That is not the only thing fishy about the Amazon page for Unmasking Obama. All thirteen of the non-fictions books I have listed on Amazon average more than four stars out of five, but each gets at least one “1-star” review. The trolls have seen to that. Their reviews pull the average score down.

My 2013 book about the George Zimmerman trial, If I Had a Son, fits the pattern. Of the 75 customer ratings, 79 percent are 5-star, 14 percent are 4-star, and 6 percent are 1-star. A typical 1-star review, listed under the headline “Bogus Nonsense,” reads as follows, “Totally ridiculous nonsense for the all the conspiracy theorists out there!” That’s it.

This review was posted on June 10, 2020, nearly seven years after the book’s publication. The reviewer mentioned no specific features of the book but did offer false, misleading, and inauthentic content.

My book told a straightforward story of how an innocent man was railroaded and acquitted. The only “conspiracy” in play was executed by Trayvon Martin’s parents and their attorney Benjamin Crump. I did not know about their use of an imposter to play “star witness” until six years after the book’s publication with the release of Joel Gilbert’s film The Trayvon Hoax. The troll did know. That is likely why he weighed in. The review was accepted nonetheless.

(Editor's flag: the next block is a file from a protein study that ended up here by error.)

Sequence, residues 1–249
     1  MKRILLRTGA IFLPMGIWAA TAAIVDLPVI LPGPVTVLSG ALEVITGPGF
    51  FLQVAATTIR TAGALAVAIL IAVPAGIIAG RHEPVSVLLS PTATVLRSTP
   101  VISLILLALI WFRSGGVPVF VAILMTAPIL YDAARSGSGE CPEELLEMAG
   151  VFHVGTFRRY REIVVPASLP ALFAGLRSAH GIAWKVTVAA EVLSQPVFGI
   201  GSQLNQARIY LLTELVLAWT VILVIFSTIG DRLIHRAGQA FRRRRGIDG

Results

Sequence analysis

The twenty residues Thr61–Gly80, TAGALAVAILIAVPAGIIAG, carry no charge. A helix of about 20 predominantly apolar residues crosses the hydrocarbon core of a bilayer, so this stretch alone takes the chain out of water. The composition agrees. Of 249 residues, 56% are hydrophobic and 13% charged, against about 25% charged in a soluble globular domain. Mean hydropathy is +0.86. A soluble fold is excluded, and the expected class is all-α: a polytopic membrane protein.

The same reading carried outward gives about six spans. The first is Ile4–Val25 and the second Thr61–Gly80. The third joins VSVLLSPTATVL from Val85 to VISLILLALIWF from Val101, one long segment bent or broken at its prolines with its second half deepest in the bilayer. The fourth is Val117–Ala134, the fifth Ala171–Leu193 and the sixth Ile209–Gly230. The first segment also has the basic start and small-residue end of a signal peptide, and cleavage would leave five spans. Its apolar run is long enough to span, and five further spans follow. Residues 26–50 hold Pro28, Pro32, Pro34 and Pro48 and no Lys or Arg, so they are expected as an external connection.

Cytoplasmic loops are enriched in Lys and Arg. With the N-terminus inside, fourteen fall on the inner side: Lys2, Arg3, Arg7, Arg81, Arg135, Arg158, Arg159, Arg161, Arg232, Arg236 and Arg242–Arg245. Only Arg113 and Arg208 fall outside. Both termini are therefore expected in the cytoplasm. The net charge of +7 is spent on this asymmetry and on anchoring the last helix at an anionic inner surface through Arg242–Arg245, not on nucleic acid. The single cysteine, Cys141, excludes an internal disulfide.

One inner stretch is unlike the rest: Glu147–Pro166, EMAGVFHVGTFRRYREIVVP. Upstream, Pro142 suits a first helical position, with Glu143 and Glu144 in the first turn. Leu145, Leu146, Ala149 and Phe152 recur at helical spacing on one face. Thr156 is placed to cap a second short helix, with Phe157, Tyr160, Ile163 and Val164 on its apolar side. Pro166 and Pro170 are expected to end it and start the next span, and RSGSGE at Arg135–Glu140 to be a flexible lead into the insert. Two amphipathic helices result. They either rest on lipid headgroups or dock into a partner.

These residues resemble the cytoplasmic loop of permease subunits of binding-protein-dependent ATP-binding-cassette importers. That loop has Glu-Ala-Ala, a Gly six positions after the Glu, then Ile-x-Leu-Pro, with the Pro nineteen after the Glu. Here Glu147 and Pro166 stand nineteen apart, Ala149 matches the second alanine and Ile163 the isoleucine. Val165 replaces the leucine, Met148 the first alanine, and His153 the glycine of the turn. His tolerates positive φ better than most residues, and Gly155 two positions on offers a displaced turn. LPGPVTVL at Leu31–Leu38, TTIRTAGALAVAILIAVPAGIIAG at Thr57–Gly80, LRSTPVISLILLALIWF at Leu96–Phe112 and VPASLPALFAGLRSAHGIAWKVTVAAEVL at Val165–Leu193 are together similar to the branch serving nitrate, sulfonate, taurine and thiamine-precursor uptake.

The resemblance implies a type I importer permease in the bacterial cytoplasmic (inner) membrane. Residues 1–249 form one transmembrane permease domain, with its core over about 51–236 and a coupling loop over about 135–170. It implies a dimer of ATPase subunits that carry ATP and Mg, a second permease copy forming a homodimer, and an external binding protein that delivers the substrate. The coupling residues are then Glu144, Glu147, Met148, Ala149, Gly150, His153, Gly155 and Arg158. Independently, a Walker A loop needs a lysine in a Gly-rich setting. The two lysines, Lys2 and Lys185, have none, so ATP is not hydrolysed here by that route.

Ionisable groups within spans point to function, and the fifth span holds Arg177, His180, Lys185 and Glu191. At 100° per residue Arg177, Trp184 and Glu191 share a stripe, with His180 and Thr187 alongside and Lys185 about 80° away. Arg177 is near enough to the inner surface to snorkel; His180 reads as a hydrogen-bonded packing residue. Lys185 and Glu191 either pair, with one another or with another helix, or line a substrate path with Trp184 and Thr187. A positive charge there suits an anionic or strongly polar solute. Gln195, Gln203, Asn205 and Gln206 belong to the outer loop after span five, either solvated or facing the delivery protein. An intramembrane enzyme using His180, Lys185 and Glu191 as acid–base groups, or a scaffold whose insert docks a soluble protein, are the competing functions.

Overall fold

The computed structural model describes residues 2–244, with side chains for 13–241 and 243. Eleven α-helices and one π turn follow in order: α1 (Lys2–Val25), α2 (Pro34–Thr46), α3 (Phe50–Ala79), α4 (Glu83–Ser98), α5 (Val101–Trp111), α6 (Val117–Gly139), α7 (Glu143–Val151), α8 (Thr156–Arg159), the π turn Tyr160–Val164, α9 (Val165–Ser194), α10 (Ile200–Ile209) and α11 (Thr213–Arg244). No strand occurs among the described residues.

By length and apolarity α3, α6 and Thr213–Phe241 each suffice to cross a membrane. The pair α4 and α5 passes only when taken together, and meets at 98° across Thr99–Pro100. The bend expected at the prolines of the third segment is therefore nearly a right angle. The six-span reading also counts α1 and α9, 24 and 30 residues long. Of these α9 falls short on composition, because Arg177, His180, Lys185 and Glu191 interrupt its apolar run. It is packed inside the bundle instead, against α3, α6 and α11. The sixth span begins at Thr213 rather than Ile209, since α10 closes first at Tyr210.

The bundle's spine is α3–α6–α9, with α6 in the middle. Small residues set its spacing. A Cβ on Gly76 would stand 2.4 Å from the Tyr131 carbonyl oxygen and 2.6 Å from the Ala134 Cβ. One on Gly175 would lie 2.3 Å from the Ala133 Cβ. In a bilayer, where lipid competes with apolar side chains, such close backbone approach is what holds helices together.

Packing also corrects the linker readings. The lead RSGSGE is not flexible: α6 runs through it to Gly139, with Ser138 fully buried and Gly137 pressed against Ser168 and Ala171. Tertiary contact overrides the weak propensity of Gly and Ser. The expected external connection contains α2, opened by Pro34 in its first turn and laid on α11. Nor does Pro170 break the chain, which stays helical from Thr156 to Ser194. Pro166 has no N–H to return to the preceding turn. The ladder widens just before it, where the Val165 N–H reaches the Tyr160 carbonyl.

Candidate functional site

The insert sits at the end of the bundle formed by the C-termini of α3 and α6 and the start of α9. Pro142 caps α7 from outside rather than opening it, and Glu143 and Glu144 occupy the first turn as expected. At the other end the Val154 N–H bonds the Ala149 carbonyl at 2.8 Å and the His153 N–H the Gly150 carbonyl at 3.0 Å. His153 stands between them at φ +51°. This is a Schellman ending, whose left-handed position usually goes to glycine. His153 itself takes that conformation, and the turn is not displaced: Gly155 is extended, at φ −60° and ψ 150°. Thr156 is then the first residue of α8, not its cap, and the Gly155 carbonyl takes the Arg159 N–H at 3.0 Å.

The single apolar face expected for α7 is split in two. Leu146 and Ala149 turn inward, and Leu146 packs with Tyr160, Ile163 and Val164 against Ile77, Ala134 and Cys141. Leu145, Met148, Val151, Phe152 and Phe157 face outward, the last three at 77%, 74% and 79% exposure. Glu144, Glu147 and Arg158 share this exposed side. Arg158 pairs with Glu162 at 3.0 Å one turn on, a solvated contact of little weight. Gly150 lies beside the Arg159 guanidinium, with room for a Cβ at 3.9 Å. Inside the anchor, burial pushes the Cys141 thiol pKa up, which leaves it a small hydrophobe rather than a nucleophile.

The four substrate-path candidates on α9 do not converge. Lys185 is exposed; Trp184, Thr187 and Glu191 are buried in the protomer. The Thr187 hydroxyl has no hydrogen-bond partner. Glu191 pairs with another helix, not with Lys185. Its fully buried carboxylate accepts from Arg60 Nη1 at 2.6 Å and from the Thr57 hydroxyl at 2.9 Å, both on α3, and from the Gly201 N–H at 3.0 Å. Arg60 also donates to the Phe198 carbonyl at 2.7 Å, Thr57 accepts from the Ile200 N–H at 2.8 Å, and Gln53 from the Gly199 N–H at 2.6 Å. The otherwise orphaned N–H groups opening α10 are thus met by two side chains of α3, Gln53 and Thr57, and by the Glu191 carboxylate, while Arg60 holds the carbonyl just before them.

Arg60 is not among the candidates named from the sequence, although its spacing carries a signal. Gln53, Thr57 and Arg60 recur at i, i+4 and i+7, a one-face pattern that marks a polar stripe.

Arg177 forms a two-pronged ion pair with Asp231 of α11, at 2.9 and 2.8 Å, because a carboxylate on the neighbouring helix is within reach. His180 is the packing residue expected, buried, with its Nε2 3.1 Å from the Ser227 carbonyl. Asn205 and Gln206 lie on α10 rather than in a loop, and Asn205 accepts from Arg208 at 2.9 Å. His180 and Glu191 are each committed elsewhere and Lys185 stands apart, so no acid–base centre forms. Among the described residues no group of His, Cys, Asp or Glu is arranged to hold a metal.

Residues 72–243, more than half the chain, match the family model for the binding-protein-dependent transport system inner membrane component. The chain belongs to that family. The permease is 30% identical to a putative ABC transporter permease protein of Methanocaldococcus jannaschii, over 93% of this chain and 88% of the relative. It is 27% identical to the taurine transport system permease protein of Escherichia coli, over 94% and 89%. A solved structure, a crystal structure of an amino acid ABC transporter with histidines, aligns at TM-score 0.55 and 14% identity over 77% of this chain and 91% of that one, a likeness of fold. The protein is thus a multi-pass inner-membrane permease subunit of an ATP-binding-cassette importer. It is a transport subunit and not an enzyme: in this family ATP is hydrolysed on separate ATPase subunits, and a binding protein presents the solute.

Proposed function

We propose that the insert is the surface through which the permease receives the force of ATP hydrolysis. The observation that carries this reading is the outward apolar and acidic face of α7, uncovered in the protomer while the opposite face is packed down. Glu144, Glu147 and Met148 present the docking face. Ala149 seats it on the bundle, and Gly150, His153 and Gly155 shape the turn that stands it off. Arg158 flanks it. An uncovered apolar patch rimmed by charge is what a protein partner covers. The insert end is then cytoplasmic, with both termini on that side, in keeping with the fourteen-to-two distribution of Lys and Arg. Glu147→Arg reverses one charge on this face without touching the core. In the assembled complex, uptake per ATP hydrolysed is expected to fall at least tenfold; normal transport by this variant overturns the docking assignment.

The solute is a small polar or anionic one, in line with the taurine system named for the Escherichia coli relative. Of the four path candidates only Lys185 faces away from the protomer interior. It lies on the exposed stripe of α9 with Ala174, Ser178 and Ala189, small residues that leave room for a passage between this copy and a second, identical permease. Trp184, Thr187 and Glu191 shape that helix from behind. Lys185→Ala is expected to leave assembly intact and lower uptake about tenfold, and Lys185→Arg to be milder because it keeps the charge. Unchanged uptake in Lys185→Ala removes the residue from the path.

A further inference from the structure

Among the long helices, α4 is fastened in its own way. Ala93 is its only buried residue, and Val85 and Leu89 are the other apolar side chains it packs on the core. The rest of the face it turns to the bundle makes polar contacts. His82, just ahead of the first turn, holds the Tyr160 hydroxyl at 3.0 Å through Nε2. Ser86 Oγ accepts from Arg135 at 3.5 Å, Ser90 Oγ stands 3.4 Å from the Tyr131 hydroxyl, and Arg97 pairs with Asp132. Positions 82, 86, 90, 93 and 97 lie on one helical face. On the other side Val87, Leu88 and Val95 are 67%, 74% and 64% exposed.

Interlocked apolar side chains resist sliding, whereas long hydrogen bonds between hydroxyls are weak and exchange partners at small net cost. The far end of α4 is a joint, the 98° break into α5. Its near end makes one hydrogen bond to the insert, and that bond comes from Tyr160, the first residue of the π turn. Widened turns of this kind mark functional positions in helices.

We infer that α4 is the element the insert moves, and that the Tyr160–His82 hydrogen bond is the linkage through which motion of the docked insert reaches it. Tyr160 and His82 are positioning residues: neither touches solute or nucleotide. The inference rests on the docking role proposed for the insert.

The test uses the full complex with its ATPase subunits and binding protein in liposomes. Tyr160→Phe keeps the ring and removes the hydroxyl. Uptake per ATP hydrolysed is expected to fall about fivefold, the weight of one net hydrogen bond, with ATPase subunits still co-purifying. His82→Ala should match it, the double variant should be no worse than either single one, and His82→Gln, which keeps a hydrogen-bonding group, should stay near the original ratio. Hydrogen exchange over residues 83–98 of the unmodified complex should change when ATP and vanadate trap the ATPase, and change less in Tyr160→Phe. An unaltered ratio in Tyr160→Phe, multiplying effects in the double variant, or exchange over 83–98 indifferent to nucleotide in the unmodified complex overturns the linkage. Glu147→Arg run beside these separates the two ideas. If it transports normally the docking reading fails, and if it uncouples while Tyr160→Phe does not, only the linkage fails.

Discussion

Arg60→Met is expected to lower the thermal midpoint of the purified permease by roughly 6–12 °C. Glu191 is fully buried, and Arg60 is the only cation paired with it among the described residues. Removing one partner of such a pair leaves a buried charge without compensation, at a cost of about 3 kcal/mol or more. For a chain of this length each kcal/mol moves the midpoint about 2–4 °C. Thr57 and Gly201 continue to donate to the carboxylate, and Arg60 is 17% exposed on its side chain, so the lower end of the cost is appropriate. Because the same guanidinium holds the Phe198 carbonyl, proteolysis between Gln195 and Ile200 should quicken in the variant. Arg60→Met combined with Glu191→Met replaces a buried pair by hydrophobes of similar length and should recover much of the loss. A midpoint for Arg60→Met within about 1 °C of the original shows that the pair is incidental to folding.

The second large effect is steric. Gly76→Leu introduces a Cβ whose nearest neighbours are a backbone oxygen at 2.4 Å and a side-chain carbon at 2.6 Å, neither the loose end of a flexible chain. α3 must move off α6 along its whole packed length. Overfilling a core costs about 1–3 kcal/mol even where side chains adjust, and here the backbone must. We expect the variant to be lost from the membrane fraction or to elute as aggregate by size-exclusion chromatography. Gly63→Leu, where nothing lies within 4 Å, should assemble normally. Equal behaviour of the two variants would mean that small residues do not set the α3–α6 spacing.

The reviews for Unmasking Obama follow a similar pattern. There are 21 posted reviews three weeks after the book’s release. 86 percent are 5-star. 7 percent are 4-star, and 7 percent are 1-star. At first, I took the 1-star review as a good sign: the Left was paying attention. When, however, I tried to read the review, I found, “Sorry, no reviews match your current selections.” It is as if some internal troll inserted a 1-star placeholder waiting for an external 1-star troll to show up.

One more thing: Amazon lists Unmasking Obama in the “hoaxes and deceptions” category where, I am told, it has ranked as high as #1. When I looked it was #12.

I seriously doubt that Amazon CEO Jeff Bezos is orchestrating these shenanigans, but I also know that big tech employees feel confident they can do a little lefty monkey wrenching without fear of reprisal. Of course, this all might be an innocent screw-up. But smart money is on monkey wrench.